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Illustration via Robinhood

On Thursday, online brokerage firm Robinhood announced a new checking account paying 3% interest. It seemed too good to be true. It was.

The big picture: Checking accounts are extraordinarily powerful things. They're one of the key mechanisms by which banks create money and help to keep the economy growing. They're also the key mechanism behind bank runs that can cause an economy to crash. That's why depositary institutions are the most regulated companies in the world.

  • Deposits are a very low-cost unsecured loan from depositors to a bank. They're a stable and cheap source of funding, and non-banks tend to be very jealous of banks' deposit bases. As a result, the non-banks (including Robinhood) constantly try to invent products that look like bank deposits but aren't. When those products blow up (see the Reserve Fund breaking the buck in 2008), the consequences can be catastrophic.

How it works: If you want to offer a real checking account, you need to submit to regulation not only by a bank regulator, but also by the FDIC, which provides the all-important deposit insurance. Those regulators insist that you have a minimum level of capital, and they ensure that your business model is sustainable. Getting a bank charter for a mobile-native app is extremely difficult: Only Varo Money is even close, and it has spent years getting to this point.

  • Banks are the riskiest part of the financial system. Lenders can go bust no problem; their borrowers won't mind. Brokerages are basically safety deposit boxes for your securities. But if a bank fails, it takes your money with it.

Robinhood was trying to game the system. It was a brokerage trying to be a bank. It wanted to get the advantages of being a bank, like deposit insurance and maturity transformation, without the concomitant regulatory oversight. It even contracted with a genuine bank, Sutton Bank of Ohio, to provide things like routing numbers and Mastercard-branded debit cards. But Sutton Bank wouldn't get the money. That would stay at Robinhood.

  • Robinhood was less than clear about what it wanted to do with its depositors' money, but it seemingly felt happy investing it in bonds for its own account, just like MF Global. Lack of transparency seems to be an endemic problem at the company, which was last valued at $5.6 billion.

The bottom line: Robinhood took down the checking.robinhood.com site on Friday evening and put up a blog post talking instead about a "cash management program" to be announced at an unspecified point in the future. The "do first, ask forgiveness later" approach, it turns out, doesn't work very well in financial services.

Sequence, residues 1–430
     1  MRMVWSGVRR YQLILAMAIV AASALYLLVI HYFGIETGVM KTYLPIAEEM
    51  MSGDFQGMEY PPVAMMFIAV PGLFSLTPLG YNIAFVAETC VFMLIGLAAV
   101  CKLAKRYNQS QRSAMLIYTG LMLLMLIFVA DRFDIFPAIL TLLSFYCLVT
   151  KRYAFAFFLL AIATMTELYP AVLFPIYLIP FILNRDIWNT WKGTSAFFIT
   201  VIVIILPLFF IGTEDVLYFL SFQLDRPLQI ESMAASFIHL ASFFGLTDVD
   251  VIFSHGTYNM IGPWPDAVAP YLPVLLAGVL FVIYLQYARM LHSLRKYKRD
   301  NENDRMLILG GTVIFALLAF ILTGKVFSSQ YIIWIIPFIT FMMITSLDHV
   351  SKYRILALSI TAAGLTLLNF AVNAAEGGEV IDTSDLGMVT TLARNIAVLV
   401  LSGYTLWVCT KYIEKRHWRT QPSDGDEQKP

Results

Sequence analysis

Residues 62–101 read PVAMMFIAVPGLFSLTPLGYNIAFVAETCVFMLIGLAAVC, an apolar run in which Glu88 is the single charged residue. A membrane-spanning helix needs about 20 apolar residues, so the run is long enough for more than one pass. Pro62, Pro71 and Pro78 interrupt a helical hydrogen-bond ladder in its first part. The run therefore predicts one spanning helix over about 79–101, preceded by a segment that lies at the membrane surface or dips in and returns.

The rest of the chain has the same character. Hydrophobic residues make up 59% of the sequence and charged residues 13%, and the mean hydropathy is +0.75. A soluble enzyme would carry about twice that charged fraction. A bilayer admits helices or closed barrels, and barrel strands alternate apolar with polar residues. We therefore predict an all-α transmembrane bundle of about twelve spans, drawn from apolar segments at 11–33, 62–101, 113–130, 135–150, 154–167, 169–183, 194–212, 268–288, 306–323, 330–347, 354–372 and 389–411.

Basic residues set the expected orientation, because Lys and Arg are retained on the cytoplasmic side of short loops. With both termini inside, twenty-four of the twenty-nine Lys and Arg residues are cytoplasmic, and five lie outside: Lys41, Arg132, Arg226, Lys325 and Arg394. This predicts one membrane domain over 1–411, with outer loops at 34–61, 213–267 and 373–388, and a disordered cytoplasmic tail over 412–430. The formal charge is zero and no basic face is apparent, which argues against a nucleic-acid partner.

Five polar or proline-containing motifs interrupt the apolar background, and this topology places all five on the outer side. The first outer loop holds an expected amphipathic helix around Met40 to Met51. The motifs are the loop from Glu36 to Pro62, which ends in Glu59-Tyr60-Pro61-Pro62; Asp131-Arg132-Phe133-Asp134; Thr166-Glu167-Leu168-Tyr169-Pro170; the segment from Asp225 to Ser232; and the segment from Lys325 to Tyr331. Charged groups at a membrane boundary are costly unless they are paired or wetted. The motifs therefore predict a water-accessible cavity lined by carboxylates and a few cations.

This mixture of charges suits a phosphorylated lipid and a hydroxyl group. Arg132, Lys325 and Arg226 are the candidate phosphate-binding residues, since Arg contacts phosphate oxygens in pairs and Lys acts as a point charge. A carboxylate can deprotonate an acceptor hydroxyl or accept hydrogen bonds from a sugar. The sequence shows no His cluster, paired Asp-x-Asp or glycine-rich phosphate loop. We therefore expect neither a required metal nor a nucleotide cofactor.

Go deeper:

Go deeper

Dominion sends cease and desist letter to My Pillow CEO Mike Lindell

Photo: Stephen Maturen/Getty Images

Dominion Voting Systems on Monday sent a cease and desist letter to My Pillow CEO Mike Lindell over his spread of misinformation related to the 2020 election.

Why it matters: Trump and several of his allies have pushed false conspiracy theories about the company, leading Dominion to take legal action. It's suing pro-Trump lawyer Sidney Powell for defamation and $1.3 billion in damages, and a Dominion employee has sued Trump himself, OANN and Newsmax.

Off the Rails

Episode 5: The secret CIA plan

Photo illustration: Aïda Amer, Sarah Grillo/Axios. Photo: Zach Gibson/Getty Images

Beginning on election night 2020 and continuing through his final days in office, Donald Trump unraveled and dragged America with him, to the point that his followers sacked the U.S. Capitol with two weeks left in his term. This Axios series takes you inside the collapse of a president.

Episode 5: Trump vs. Gina — The president becomes increasingly rash and devises a plan to tamper with the nation's intelligence command.

In his final weeks in office, after losing the election to Joe Biden, President Donald Trump embarked on a vengeful exit strategy that included a hasty and ill-thought-out plan to jam up CIA Director Gina Haspel by firing her top deputy and replacing him with a protege of Republican Congressman Devin Nunes.

Updated 6 hours ago - Politics & Policy

Coronavirus dashboard

Illustration: Annelise Capossela/Axios

  1. Health: CDC director defends agency's response to pandemic — CDC warns highly transmissible coronavirus variant could become dominant in U.S. in March.
  2. Politics: Empire State Building among hundreds to light up in Biden inauguration coronavirus tribute.
  3. Vaccine: Fauci: 100 million doses in 100 days is "absolutely" doable.
  4. Economy: Unemployment filings explode again.
  5. Tech: Kids' screen time sees a big increase.